You're Nobody (Til Somebody Kills You)

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YOU'RE NOBODY [TIL SOMEBODY KILLS YOU]

James A. Garfield and Jam Master Jay get popped; of the two, who is immortal?

I'm interested in variance in structures of power across racial and cultural contexts. Consider the cultural currency of the murdered rapper [the title of this project is after the song by Biggie Smalls]. How does it compare to the ripples left by presidential assassination? What function does death serve in the sphere of "black cool" as opposed to its properties within established white-majority systems of authority? And what dynamic do these pop-icon positions of power have within the tensions of the white-black racial binary and a continuing history of marginalization?

Big-kid words aside, I started thinking about this project mainly because of the popularity of Tupac, Biggie, Jam Master Jay, Big L, ironic "ghetto" parodies, etc. on social media sites. If relevance comes from reach of name, the "star power" tips heavily over to these figures in hip-hop (because really, I couldn't tell you what William McKinley did during his time in office if I tried). But at the same time, when these icons are pulled out of their race-specific contexts of reverence and struggle, are they being disenfranchised all over again, this time by the 15-year-old blogger from Idaho who thinks it'd be great to run their album covers through Blingee?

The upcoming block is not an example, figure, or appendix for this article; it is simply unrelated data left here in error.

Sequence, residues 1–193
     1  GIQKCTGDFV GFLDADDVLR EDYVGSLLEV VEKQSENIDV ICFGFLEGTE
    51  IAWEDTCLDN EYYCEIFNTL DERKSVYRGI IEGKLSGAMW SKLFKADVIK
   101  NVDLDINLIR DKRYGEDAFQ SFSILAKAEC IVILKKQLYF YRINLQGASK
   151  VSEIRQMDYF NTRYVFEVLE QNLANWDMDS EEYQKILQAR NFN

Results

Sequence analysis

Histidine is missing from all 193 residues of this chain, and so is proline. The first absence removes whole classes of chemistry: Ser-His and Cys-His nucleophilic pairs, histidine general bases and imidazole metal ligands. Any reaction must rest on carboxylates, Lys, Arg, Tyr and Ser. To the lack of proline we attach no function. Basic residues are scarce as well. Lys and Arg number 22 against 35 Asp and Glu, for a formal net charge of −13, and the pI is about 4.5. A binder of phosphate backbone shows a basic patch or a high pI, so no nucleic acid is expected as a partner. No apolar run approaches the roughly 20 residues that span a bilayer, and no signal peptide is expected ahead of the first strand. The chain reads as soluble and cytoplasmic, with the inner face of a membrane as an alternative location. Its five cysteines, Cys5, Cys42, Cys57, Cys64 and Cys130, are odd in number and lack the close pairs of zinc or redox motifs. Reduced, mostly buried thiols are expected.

[PROCESS]

I first found presidential portrait photos of the four presidents assassinated while in office: JFK, William McKinley, Abraham Lincoln, and James A. Garfield. I then chose the four most prominent (IMO) assassinated rappers: Tupac, The Notorious B.I.G., Big L, and Jam Master Jay. Starting with the presidential photos, I searched for images of each rapper in which his face is at similar angles to his respective president. I then combined the two faces using MorphThing, a website that you may occasionally see in pop-up ads. Here is what it spits out:


These I photoshopped back into the presidential portraits.

The final products exist as matted 30" x 40" digital prints in List 221 from 10/5 (tonight) - 10/11, then probably in my studio afterwords. In the show, they are accompanied by a video installation to contextualize them within a conversation of lateral appropriation across minority groups and my own discomfort at commenting on race dynamics outside my personal experience.

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